The understandable folderol about Don Sterling and his foul mouth and his Clippers franchise [his personal property] raises many interesting, telling, and sometimes disturbing issues, over and above the rankness of his bigoted speech. For instance, I was amused to note that a friend who pretends to value free speech and balance deleted my comment on his Facebook page, along the lines of this post, about the lifetime ban of Donald Sterling, which sadly might say more about him than Sterling's known foul mouth said about him.
I think the punishment of Sterling is quite over the top. Sterling is a jerk, a bigot, an asshole, and he deserves whatever loathing comes his way. However, official, regulatory ostracism is not a standard practiced in this country. And there are many team-members who also fit that description [including one who labeled the teams "black teams"], some of whom liberally use the "n" word while decrying those of other races who use it, and their racism is similarly revolting, and yet we don't see them banned, punished, highlighted as the cretins they are, etc.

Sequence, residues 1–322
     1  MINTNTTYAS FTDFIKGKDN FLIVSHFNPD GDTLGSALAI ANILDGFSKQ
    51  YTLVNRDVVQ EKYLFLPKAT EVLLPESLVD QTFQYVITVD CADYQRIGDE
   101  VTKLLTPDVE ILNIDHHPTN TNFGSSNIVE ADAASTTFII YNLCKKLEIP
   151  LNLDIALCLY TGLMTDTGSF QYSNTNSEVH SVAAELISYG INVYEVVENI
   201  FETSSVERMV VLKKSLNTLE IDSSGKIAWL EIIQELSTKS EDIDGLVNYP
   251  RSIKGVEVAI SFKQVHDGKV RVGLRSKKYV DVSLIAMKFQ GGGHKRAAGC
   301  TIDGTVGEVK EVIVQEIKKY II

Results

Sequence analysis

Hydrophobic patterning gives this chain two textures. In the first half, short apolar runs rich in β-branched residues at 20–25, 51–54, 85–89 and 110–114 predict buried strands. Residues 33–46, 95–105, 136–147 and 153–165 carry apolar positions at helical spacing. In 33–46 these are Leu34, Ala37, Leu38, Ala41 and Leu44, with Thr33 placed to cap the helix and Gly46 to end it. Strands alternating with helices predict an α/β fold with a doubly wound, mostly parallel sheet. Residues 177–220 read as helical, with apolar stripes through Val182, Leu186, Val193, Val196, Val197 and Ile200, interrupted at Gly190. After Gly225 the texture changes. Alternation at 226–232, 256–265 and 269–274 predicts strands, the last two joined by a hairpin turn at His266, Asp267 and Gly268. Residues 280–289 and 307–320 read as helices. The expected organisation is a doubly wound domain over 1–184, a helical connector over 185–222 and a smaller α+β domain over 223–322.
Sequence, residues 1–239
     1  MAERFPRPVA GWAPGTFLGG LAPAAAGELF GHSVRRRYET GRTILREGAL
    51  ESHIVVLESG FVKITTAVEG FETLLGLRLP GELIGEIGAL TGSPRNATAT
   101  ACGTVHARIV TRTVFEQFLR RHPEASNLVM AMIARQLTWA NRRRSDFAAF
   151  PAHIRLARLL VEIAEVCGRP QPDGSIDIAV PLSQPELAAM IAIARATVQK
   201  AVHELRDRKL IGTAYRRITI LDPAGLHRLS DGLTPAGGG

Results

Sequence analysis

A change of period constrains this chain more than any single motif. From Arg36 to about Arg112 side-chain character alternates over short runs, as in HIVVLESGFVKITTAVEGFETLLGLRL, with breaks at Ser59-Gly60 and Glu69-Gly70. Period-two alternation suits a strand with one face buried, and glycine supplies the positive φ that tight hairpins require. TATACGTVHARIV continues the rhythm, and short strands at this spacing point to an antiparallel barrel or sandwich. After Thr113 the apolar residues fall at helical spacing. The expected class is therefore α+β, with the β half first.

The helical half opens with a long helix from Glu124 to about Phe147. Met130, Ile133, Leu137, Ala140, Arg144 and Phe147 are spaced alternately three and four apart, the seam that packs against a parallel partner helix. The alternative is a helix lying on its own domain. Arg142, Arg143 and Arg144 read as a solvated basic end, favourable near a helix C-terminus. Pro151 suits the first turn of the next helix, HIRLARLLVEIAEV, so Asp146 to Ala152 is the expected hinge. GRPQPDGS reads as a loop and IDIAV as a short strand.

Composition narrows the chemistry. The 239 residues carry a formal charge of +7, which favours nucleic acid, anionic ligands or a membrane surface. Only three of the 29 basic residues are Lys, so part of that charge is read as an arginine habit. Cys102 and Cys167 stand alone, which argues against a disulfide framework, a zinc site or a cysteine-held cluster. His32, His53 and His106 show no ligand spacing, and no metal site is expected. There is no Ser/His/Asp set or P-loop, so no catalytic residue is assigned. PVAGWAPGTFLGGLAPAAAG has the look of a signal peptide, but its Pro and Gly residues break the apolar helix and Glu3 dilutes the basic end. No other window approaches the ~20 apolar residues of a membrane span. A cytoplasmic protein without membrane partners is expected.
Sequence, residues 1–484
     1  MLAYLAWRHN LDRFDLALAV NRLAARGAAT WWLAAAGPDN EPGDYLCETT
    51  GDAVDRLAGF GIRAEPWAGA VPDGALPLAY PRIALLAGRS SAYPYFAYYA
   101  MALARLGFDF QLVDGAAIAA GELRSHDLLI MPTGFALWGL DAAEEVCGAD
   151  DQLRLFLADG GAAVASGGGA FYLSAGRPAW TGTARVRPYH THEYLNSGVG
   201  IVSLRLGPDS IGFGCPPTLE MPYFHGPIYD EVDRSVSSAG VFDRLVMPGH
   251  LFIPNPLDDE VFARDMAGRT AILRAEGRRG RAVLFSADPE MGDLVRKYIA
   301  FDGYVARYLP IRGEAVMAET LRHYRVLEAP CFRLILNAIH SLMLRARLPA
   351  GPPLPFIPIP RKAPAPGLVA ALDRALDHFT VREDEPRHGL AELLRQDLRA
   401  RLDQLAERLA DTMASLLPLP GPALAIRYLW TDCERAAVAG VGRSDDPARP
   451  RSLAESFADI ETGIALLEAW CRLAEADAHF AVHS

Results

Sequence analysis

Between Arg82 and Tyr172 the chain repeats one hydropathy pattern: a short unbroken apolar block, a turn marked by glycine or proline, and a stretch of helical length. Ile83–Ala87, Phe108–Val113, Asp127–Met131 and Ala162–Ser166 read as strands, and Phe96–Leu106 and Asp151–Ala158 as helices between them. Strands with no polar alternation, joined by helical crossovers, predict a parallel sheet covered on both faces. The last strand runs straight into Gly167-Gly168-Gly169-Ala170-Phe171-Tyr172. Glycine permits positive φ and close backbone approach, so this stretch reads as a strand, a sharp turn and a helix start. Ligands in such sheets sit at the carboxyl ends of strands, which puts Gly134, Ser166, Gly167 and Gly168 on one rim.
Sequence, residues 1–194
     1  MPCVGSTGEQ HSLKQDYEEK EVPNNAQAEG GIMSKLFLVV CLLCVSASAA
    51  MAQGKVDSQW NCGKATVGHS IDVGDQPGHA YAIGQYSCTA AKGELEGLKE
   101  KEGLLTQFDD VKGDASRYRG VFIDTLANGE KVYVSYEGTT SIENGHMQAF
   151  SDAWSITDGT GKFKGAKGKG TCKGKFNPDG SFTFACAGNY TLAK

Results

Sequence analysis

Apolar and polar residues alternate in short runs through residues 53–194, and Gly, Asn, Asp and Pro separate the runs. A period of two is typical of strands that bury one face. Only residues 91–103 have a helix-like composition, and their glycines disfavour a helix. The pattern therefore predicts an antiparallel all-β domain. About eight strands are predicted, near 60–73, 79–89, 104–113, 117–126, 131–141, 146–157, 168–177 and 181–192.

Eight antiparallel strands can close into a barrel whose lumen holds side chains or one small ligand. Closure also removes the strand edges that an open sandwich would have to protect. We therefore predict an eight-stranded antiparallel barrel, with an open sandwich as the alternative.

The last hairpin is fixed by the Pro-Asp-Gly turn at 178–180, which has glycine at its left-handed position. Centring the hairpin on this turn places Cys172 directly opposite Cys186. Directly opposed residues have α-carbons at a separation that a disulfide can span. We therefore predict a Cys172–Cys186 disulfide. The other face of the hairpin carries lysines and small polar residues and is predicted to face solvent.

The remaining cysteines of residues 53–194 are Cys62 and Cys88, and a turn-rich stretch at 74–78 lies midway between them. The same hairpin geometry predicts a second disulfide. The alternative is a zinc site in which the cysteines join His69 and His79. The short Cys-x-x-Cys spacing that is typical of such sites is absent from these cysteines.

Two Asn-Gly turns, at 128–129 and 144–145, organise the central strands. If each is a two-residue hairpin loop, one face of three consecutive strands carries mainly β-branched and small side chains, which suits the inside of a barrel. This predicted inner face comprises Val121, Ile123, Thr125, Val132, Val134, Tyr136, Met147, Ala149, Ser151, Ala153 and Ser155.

Just as it is Un-American to practice ostracism, it is also un-American to deprive a person of the use and enjoyment of his property, which he alone assumed the risk to build up, to the same extent that it is un-American to be a bigot [although I suspect a high percentage of Americans really are bigots of various sorts!], and I think we should tread carefully before we allow collective moral self-righteousness be the measure by which WE decide if YOU can keep and enjoy your property and pursuit of happiness.
Make no mistake about it - I think Sterling is a scumbag and he has earned a place on the lower rungs of Dante's Inferno. We need to be careful, though, that we don't slip down close to him by our actions and public and private thoughts, glass houses and stones and the like.